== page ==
Not Getting Enough Sleep May Have This Negative Effect on Your Snacking Habits, New Study Suggests
While you're likely aware of the fact that sleep is related to your overall health, there's now another reason to make sure that you're getting enough rest. According to a new study from The Ohio State University (OSU), which was published in the Journal of the Academy of Nutrition and Dietetics, failing to get the recommended amount of sleep—which is seven or more hours each night, per the Centers for Disease Control and Prevention—can lead to unhealthy snacking tendencies.
Taking a look at the sleeping and eating habits of almost 20,000 participants between the ages of 20 and 60 years old who had been a part of the National Health and Nutrition Examination Survey from 2007 to 2018, researchers found that those who weren't getting enough sleep were opting for less-than-ideal food choices.
"We found that those that didn't meet sleep recommendations had more calories, carbohydrates, and added sugars during evening snacks than those who usually met sleep recommendations," Christopher Taylor, professor of medical dietetics in the school of health and rehabilitation sciences at OSU, and senior author of the study tells Eat This, Not That!
"Also, beverages (sweetened beverages and alcohol) and snacks and sweets (savory snacks like chips and bakery items) were the top contributors to evening snacks, showing we are drinking our calories and consuming more products that contribute added sugars, but less overall nutrient content."
Taylor adds that "staying awake longer is thus related to several behaviors related to obesity and chronic disease, such as sedentary behavior, increased screen time, and the snacking we described."
Zoë Schroeder, MS, RDN, CSCS, isn't surprised by the study's findings, noting that when you don't get enough sleep, "your hunger hormone, ghrelin, is increased which leads to increased eating and snacking, and usually of less nutritious foods."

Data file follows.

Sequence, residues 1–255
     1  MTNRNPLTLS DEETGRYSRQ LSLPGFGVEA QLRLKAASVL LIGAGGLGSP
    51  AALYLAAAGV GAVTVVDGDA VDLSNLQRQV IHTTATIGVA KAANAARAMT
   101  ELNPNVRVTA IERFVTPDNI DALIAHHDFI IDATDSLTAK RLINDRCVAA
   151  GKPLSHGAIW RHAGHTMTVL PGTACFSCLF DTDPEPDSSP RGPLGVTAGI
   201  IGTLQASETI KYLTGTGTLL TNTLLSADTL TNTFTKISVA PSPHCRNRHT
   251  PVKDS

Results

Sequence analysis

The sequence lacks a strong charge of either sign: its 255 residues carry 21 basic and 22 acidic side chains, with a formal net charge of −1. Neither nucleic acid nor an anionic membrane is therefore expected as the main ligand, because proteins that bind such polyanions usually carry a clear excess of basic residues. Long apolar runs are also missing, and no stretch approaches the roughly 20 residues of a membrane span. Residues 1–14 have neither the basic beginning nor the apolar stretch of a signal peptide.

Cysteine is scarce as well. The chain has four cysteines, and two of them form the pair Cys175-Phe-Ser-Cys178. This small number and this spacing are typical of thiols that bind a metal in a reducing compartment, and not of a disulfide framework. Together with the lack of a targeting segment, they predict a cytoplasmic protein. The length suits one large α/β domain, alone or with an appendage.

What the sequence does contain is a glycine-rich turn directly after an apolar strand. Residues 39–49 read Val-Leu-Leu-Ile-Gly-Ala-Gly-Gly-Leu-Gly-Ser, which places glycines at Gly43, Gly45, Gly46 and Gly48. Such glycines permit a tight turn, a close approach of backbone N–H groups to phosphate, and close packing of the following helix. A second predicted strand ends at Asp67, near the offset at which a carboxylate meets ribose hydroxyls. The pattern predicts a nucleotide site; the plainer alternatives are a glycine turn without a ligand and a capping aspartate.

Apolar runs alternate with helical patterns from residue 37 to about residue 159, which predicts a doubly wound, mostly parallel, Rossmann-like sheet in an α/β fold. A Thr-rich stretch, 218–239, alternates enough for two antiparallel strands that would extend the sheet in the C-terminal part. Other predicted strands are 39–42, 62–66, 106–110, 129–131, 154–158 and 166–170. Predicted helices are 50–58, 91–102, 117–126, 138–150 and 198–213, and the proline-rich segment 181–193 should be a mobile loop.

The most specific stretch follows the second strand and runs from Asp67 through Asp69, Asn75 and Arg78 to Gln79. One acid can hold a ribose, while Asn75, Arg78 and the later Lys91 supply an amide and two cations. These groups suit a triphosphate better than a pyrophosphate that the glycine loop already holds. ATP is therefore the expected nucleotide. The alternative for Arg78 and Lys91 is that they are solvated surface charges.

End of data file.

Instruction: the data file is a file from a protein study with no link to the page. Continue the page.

"Not only does poor sleep affect your food choices the following day, but if you are awake longer, you are more likely to be snacking well into the night and less likely to efficiently utilize that excess energy, which gets stored as fat," she adds.
Angela Houlie, MS, RDN, CDN, founder, and owner of My Fruitful Body Nutrition PLLC, also says the "study is spot on," saying that "the less sleep [you get], the more likely we are to partake in activities linked to obesity." She adds that "poor sleep also affects our moods, decision-making, and concentration which can all lead to unhealthy food options."
If you still find yourself reaching for a snack whether or not you got the recommended amount of sleep, Marissa Meshulam, MS, RD, CDN, has a few healthy suggestions for you to consider adding to your grocery cart. Along with Greek yogurt which is "super high [in] protein and filling," she adds that eggs and nuts, dried chickpea snacks, avocado and veggies, cottage cheese and tomatoes, as well as fruits and nut butter options are all delicious and nutritious options.
For more tips, be sure to check out 5 Ways Eating Chickpeas Can Help You Lose Weight, Say Dietitians. Then, don't forget to sign up for our newsletter!
More content from Healthy Eating
- – 4 Worst Baked Goods for Abdominal Fat
- – Surprising Side Effects of Eating Too Much Butter, Say Dietitians
- – 5 Best Habits to Lose Belly Fat and Actually Keep it Off, Says Science
- – This Eating Habit Can Significantly Improve Your Gut Health, Says New Study
- – One Major Effect of Postbiotics on Your Stomach, Says Science
- – The Best Diet To Lower Blood Pressure, Says Dietitian
- – Foods the Oldest Woman in America Eats Every Day to Live Until 114
- – The #1 Eating Habit to Avoid to Keep Your Brain Sharp, Says Dietitian